Tailored laminin-332 α3 sequence is tethered through an enzymatic linker to a collagen scaffold to promote cellular adhesion
Surface modification techniques have been used to develop biomimetic scaffolds by incorporating cell adhesion peptides, which facilitates cell adhesion, migration and proliferation. In this study, we evaluated the cell adhesion properties of a tailored laminin-332 α3 chain tethered to a type I collagen scaffold using microbial transglutaminase (mTGase) by incorporating transglutaminase substrate peptide sequences containing either glutamine (peptide A: PPFLMLLKGSTREAQQIVM) or lysine (peptide B: PPFLMLLKGSTRKKKKG). The degree of cross-linking was studied by amino acid analysis following proteolytic digestion and the structural changes in the modified scaffold further investigated using Fourier transform infrared spectroscopy and atomic force microscopy. Fibroblasts were used to evaluate the cellular behaviour of the functionalized collagen scaffold. mTGase supports cell growth but tethering of peptide A and peptide B to the mTGase cross-linked collagen scaffold caused a significant increase in cell proliferation when compared with native and mTGase cross-linked collagen scaffolds. Both peptides enabled cell-spreading, attachment and normal actin cytoskeleton organization with slight increase in the cell proliferation was observed in peptide A when compared with the peptide B and mTGase cross-linked scaffold. An increase in the amount of ε(γ-glutamyl) lysine isopeptide was observed in peptide A conjugated scaffolds when compared with peptide B conjugated scaffolds, mTGase cross-linked scaffold without peptide. Changes in D-spacing were observed in the cross-linked scaffolds with tethered peptides. These results demonstrate that mTGase can play a bifunctional role in both conjugation of the glutamine and lysine containing peptide sequences and also in the cross-linking of the collagen scaffold, thus providing a suitable substrate for cell growth.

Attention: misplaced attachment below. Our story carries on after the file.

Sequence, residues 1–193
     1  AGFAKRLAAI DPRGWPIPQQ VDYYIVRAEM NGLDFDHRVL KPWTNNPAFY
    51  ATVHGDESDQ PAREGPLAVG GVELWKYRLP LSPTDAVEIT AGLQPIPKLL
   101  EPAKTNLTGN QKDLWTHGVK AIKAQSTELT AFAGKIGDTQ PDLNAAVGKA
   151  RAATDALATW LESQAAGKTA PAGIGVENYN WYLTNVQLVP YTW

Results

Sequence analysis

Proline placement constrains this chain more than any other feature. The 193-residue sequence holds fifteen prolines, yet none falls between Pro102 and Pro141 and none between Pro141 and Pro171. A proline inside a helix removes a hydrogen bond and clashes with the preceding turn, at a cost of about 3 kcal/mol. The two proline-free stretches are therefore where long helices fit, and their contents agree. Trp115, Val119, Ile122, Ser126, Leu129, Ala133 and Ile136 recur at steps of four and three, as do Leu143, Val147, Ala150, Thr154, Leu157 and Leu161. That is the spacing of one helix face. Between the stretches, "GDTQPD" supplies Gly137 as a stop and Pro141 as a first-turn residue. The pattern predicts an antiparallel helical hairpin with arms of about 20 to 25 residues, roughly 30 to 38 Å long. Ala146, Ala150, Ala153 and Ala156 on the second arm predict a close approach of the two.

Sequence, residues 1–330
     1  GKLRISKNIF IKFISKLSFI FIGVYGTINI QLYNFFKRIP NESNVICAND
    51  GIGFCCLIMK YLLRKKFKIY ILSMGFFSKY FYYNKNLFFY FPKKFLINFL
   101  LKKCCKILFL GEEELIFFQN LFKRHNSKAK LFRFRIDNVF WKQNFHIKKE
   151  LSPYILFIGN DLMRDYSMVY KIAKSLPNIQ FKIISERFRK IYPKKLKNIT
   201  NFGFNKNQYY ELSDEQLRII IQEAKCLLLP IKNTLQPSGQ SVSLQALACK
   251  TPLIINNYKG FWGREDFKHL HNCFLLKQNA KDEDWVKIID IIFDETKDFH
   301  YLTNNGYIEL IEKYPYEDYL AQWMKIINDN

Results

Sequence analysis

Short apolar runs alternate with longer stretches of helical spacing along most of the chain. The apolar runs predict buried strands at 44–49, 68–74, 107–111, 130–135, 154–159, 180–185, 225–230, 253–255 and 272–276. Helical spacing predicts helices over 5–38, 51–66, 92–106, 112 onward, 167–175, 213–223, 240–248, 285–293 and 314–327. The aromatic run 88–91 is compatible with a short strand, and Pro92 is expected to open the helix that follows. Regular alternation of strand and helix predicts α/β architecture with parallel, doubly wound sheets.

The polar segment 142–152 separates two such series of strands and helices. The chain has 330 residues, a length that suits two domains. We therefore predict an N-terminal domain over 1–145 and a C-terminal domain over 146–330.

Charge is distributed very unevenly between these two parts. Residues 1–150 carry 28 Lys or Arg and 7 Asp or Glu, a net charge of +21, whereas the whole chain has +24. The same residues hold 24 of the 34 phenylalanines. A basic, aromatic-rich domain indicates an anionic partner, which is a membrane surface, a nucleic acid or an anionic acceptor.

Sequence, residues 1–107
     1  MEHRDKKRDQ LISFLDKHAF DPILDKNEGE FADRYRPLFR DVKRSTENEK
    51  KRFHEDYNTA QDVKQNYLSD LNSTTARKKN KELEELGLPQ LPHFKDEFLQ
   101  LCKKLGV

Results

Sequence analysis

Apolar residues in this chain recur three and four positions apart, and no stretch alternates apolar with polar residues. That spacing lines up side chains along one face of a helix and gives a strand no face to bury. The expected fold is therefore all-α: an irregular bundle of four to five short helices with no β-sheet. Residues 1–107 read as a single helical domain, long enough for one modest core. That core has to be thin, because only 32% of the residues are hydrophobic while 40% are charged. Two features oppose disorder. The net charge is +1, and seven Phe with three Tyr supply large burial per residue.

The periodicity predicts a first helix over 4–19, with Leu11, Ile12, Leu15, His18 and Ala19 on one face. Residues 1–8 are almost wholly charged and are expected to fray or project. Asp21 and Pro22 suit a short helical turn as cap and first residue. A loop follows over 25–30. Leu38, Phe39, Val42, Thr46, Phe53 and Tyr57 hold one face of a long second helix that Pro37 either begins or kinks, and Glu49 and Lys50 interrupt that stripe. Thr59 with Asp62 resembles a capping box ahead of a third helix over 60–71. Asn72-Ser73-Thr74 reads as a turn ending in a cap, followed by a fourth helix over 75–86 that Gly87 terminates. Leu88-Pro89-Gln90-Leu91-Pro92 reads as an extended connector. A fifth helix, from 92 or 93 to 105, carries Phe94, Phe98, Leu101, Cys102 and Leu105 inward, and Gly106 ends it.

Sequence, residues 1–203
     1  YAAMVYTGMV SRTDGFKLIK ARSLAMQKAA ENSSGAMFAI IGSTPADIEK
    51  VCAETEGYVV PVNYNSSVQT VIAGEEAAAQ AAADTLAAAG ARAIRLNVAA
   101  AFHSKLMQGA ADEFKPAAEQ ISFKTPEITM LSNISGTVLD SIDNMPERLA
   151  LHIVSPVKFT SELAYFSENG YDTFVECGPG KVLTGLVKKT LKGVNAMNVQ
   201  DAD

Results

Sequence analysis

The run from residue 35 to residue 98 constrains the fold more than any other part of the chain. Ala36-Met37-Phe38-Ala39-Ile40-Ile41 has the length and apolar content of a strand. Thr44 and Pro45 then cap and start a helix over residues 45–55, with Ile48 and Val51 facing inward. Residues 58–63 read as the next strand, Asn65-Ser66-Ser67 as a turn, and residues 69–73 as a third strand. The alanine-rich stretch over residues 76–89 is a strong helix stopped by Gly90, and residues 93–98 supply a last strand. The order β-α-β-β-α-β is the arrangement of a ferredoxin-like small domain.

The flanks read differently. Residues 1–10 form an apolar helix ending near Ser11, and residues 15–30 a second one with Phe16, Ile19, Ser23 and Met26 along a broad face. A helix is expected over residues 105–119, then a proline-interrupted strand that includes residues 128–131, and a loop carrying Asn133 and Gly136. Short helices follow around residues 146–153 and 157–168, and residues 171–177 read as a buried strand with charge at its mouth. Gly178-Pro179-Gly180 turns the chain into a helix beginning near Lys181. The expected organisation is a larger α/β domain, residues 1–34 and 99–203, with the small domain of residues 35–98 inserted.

Journal: Acta Biomaterialia - Volume 5, Issue 7, September 2009, Pages 2441–2450